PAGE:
Monday, June 18, 2007

So What Was Frances Schaeffer Trying To Prove?

How does a good fundamentalist balance Christian activism with pre-millenialist theology?
How do you put your heart in your warning against abortion, homosexual activism, and radical Islam when you believe these things are signs of the times?
Put another way, how hypocritical do you feel when you affect grimness over a tumultuous Middle East and the apocalyptic rantings of Iran's president, against a rising bubble of excitement in your gut?
I often feel pitied admiration for the likes of James Dobson, cheering him on, muttering under my breath, "Man, you're beating your head against a brick wall."
I harbor no optimism for the salvation of my country, much less the world.
It's not simply a matter of eschatology. I know that James Dobson knows that the world will not continue to get better and better until it's good enough for God to live in. He's fighting the good fight, don't misunderstand me, but what end does he see?
It could be that I'm simply not compassionate enough to muster the energy to place behind the hope that drives a dedicated Christian activist.
It could be the cynicism of youth, (I'm a Generation X-er, after all. "Hope, where is hope? Don't be a dope, hope is gone.")
There is a passage in a novel that has influenced me, perhaps more than it should.
It is a burst of exasperation from a weary, burned out pastor responding to the blazing, fresh-faced optimism of a young pastor, determined to take the town for Christ.
"Have you even asked this town if it wants to be taken for Christ? . . .I guarantee you, Kyle, I know some people around here who do not wish to be taken for Christ. . .No one . . .has ever. . .taken a city for Christ. Not Paul, not Peter, nobody. Not even Christ took a town for Christ."
Taking a town for Christ, or fervent prayers for a revival to be poured out on this city are owing in part to a certain score-keeping mentality that is inseparable from humanity.
There is something of a war cry in the prayer, "God, take this town for Christ!"
I think most of us would be more suited for battling against principalities and powers if it were a physical matter.
I remember reading the Darkness books by Peretti at a fairly young age and then bolting outside with a broom handle to mow down demons like weeds.
They were, in fact, weeds, and they did fall before my broom handle like Destroyer's hordes fell under Tal's sword.
I'm not equating my immaturity with the zeal of evangelism, but I can't help but be reminded of it when I listen to the words of a worship song, "You know I feel there's somethin bout to break now. You know I feel there's a city here to take now. . .We've got this leather backed book and a freedom cry and we're an army of God who are ready to die."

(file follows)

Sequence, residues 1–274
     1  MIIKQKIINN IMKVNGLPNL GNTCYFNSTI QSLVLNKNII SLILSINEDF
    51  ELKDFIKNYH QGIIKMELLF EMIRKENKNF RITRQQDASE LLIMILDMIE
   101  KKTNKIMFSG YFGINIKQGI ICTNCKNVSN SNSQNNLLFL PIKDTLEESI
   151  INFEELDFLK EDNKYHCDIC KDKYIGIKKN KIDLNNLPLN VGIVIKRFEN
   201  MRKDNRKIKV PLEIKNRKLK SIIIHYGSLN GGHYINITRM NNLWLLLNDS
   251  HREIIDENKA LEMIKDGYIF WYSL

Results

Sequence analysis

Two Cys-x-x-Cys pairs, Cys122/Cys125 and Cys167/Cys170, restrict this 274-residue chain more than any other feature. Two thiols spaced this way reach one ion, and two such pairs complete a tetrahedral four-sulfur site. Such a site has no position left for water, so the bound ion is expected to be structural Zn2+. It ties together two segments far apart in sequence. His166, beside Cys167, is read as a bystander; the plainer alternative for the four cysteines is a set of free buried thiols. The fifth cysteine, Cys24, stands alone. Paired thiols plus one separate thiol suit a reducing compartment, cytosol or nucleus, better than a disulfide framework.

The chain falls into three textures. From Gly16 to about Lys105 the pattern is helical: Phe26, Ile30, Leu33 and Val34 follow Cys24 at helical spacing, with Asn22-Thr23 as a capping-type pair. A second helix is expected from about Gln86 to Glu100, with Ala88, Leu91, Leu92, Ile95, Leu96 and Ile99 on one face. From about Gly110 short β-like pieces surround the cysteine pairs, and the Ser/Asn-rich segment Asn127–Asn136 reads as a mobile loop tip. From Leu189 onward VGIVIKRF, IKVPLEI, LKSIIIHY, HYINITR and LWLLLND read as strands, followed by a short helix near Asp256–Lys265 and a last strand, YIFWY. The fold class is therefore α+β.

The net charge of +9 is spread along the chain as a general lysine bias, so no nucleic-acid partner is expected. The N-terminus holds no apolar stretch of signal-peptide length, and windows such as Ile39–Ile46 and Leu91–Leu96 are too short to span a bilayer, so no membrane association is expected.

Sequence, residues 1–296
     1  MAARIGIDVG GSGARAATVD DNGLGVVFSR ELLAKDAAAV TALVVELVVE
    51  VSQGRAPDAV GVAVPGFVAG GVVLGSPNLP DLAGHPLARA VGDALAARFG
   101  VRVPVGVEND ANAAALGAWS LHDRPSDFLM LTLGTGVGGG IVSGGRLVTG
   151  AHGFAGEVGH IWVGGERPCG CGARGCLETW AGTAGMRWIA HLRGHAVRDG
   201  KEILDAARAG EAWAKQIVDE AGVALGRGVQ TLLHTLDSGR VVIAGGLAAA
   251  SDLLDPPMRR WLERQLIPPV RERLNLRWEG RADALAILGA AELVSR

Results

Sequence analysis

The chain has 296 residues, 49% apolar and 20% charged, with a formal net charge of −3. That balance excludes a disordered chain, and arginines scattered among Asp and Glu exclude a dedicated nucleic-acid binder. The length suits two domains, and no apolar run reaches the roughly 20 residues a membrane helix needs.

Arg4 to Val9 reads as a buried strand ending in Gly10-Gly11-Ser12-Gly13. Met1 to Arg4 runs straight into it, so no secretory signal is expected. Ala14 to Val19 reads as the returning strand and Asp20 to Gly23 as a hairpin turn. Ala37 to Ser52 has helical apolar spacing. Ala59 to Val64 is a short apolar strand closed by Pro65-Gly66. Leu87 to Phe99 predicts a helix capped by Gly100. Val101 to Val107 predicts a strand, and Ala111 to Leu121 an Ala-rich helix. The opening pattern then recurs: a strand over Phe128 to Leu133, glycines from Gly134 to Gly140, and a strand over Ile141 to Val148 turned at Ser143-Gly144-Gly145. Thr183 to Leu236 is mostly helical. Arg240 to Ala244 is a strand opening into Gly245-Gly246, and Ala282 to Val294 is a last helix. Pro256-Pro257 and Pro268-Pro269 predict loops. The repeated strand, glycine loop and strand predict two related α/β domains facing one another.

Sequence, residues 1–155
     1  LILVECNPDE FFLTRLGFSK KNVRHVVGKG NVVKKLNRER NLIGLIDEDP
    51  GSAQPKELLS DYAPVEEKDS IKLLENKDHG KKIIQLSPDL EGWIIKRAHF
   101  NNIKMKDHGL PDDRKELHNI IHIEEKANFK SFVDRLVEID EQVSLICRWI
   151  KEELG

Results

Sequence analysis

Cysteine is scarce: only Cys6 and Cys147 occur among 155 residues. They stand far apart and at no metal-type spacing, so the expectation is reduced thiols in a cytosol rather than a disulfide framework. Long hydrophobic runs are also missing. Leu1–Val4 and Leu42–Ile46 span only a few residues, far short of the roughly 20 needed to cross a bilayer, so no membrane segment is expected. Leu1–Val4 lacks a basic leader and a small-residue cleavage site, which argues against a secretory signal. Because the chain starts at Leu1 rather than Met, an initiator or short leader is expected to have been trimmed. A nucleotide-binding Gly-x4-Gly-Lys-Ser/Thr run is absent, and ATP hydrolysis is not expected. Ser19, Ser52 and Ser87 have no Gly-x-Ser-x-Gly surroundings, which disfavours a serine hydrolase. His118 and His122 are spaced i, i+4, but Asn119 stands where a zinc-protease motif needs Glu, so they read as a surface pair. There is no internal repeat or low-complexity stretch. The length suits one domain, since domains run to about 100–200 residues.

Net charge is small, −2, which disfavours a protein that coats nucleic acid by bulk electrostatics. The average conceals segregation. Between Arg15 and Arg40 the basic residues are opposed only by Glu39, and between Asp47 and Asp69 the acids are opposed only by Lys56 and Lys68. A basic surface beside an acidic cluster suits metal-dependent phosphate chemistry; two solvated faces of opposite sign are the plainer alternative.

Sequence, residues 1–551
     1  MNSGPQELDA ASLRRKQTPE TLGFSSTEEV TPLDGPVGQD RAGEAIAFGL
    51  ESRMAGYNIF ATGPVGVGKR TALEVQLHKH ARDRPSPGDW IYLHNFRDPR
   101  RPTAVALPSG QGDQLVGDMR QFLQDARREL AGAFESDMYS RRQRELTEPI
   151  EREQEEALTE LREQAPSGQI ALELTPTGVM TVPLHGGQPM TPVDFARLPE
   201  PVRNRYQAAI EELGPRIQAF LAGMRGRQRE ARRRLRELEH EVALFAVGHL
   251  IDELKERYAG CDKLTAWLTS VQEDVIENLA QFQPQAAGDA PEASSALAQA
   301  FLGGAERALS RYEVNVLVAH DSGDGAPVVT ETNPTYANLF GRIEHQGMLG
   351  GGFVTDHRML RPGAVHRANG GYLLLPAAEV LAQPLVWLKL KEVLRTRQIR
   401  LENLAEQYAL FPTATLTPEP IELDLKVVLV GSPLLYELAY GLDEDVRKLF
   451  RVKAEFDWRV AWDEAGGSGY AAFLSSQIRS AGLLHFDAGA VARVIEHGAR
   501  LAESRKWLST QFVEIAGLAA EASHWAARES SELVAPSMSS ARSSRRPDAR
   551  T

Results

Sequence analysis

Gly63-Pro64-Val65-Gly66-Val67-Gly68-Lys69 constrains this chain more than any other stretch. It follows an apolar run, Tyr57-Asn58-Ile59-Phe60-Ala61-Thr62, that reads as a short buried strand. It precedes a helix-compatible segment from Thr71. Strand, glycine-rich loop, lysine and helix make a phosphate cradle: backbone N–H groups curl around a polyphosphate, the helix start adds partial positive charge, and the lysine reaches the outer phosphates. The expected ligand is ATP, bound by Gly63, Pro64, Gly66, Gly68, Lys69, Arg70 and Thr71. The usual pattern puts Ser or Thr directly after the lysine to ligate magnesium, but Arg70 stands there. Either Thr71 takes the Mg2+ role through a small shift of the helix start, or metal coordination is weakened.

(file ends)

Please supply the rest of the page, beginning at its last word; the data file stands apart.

What army?
Maybe I'm blind but I see a few scattered, exhausted soldiers just standing up under the weight of their armour and a whole bunch more who have shed everything but their sword and are running around hacking on trees for the glory of God.

"Our job is to reclaim America for Christ, whatever the cost. As the vice regents of God, we are to exercise godly dominion and influence over our neighborhoods, our schools, our government, our literature and arts, our sports arenas, our entertainment media, our news media, our scientific endeavors -- in short, over every aspect and institution of human society." -D. James Kennedy

Head in the clouds or head in the sand, what's the difference?
I recently looked at a website called Theocracy Watch.
They are the brave souls warning America about the drumbeat of doom. These people are literally terrified of the rise of the Christian right and their impending "theocracy."
I want to laugh so hard that I reach that stage when it's hard to tell laughing from crying.
Yeah, sure. Lock up the kids. Bar the windows. We're coming to get you.
We're gonna haul you in to a church and force communion down your throat, and make you recite the Ten Commandments, the Four Spiritual Laws, and Martin Luther's Ninety-Five Theses.
Beyond the absurdity of worrying about a Christian conspiracy is the sad fact that if we wished to conspire, we'd be hard put to gather ten of us around a bonfire to come up with a secret password.

More later.

I fully intend to reconcile my view with optimism.


1 comment:

Anonymous said...

I can totally relate to your question - "how hypocritical do you feel when you affect grimness over a tumultuous Middle East and the apocalyptic rantings of Iran's president, against a rising bubble of excitement in your gut?"